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Introduction

\\INTRODUCTION TO EPHESIANS 5\\

The apostle, in this chapter, goes on with his exhortations to the
duties of religion; and such in general as relate to purity of life,
and against uncleanness; and particularly treats of the duties of
married persons. And whereas in the latter part of the preceding
chapter, he had exhorted to kindness and tenderness, and which he
enforced by the example of God himself, he here repeats and urges it;
and to it adds the example of Christ in loving his people, and giving
himself for them a propitiatory sacrifice, acceptable to God,
\\#Eph 5:1,2\\, then follows a dehortation from several vices of the
impure kind, some as being filthy actions, and unbecoming saints, and
not to be named by them, and much less done, \\#Eph 5:3\\, others, and
such as are vices of the tongue, as being inconvenient, and to which
thanksgiving is preferred, \\#Eph 5:4\\, and the former especially, as
excluding from having any part or portion in the kingdom of God and
Christ \\#Eph 5:5\\, and all of them, as bringing the wrath of God
upon men, \\#Eph 5:6\\, wherefore professors of religion should avoid
such sins, and not join with the children of disobedience in the
commission of them, \\#Eph 5:7\\, to which exhortation they should the
rather give heed, from the consideration of their present state,
illustrated by their former one; who were once darkness, but now
light, and therefore should walk as enlightened persons, \\#Eph 5:8\\,
and as having the Spirit of God, which is known by its fruits,
\\#Eph 5:9\\, studying to know, approve of, and do that which is
acceptable to God, \\#Eph 5:10\\, and on the contrary, should have no
society and communion with men in the commission of sins, the works of
darkness, but should reprove them for them, \\#Eph 5:11\\, since the
things done by them were such, that it was a shame to relate them, and
much more to commit them, \\#Eph 5:12\\, and the rather this was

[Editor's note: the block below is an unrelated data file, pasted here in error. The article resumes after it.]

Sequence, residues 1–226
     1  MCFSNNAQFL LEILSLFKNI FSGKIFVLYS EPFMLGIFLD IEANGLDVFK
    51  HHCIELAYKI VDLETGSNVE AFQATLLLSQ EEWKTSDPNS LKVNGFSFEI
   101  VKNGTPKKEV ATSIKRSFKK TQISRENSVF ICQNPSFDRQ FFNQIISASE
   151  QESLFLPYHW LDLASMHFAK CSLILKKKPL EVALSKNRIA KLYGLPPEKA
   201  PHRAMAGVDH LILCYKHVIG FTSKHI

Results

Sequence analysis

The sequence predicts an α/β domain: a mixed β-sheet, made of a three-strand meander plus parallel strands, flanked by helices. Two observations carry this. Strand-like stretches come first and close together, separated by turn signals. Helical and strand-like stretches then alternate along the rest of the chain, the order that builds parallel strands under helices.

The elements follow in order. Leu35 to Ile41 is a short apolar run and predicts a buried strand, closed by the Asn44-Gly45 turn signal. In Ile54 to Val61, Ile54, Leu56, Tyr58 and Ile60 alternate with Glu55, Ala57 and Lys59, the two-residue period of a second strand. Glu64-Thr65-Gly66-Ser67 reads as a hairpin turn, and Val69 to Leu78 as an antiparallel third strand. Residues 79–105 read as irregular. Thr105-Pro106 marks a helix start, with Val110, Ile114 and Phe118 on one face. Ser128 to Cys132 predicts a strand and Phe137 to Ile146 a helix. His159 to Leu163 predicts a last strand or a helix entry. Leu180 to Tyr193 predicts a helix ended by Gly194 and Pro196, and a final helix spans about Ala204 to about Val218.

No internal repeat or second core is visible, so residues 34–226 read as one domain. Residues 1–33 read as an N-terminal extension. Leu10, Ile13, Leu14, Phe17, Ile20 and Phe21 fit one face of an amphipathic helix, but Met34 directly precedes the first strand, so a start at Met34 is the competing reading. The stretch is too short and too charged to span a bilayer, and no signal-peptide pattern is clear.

incumbent upon them, since it was agreeably to their character, as
being made light in the Lord; seeing it is the property of light to
make manifest and detect what is done in the dark, \\#Eph 5:13\\,
which is confirmed by a passage of Scripture pertinently produced, to
stir up drowsy and lifeless professors to the discharge of their duty,
\\#Eph 5:14\\, and from hence the apostle enforces a wise and
circumspect walk and conversation, one part of which lies in redeeming
time; and which should be done for this reason, because the present
days were evil ones, \\#Eph 5:15,16\\, and that they might avoid a
foolish walk, and order their conversation wisely and aright, he
suggests it would be proper to learn what was the will of the Lord,
which is the rule of a Christian's walk and conversation, \\#Eph 5:17\\,
and whereas drunkenness is oftentimes the cause of all the above
mentioned vices, the apostle cautions against that, and on the
contrary advises them to be concerned for a larger measure of the
Spirit of God; that under his influence they might sing psalms, hymns,
and spiritual songs, in a melodious manner, and heartily to the Lord;
and so express their thankfulness to him, for all mercies from him;
and not abuse their mercies and themselves, spend their time in
singing lewd and profane songs, as drunkards often do, \\#Eph 5:18-20\\,
and hence he passes to the special duties of wives and husbands, to
which he premises a general exhortation to submission to one another,
\\#Eph 5:21\\, and begins with the subjection of wives to their
husbands, this being the will of the Lord, \\#Eph 5:22\\, and besides,
the relation which the wife stands in to her husband, being her head,
requires it; and which is illustrated by Christ being the head and
Saviour of his body, the church, \\#Eph 5:23\\, and which is further
urged and enforced by the instance and example of the church's
subjection to Christ, \\#Eph 5:24\\, and next the apostle exhorts
husbands to love their wives, in imitation of Christ, who has loved
his church; and as an instance of it, has given himself to death for
her; than which, there cannot be a greater instance of love,
\\#Eph 5:25\\, the ends of which were, the sanctification and
cleansing of the church with his blood, by means of water and the
word; and the presentation of her to himself, all glorious and
beautiful, \\#Eph 5:26,27\\, and then another argument is used, to
engage the affections of husbands to their wives, they being their own
bodies; so that loving them, is loving themselves, \\#Eph 5:28\\, nor
was it ever known, and it would be unnatural, for a man to hate his
own flesh, but on the contrary, he nourishes and cherishes it; and
therefore seeing the wife is a man's own flesh, he ought not to hate
her, but to nourish and cherish her; and this is also enforced by the
example of Christ, who does not hate his church, but nourishes and
cherishes her, \\#Eph 5:29\\, the reason of which is, because the
saints which make up the church are members of him, one flesh and
blood with him, \\#Eph 5:30\\, which is the case of a man and his
wife; and hence it is, that according to the original law of marriage,
a man was to leave father and mother, and cleave to his wife,
\\#Eph 5:31\\, the whole of which is a mystery, and typical of the
marriage relation and union between Christ and his church, \\#Eph 5:32\\,
and the chapter is closed with a recapitulation of the mutual duties
of husband and wife, love in the one, and reverence in the other,
\\#Eph 5:33\\.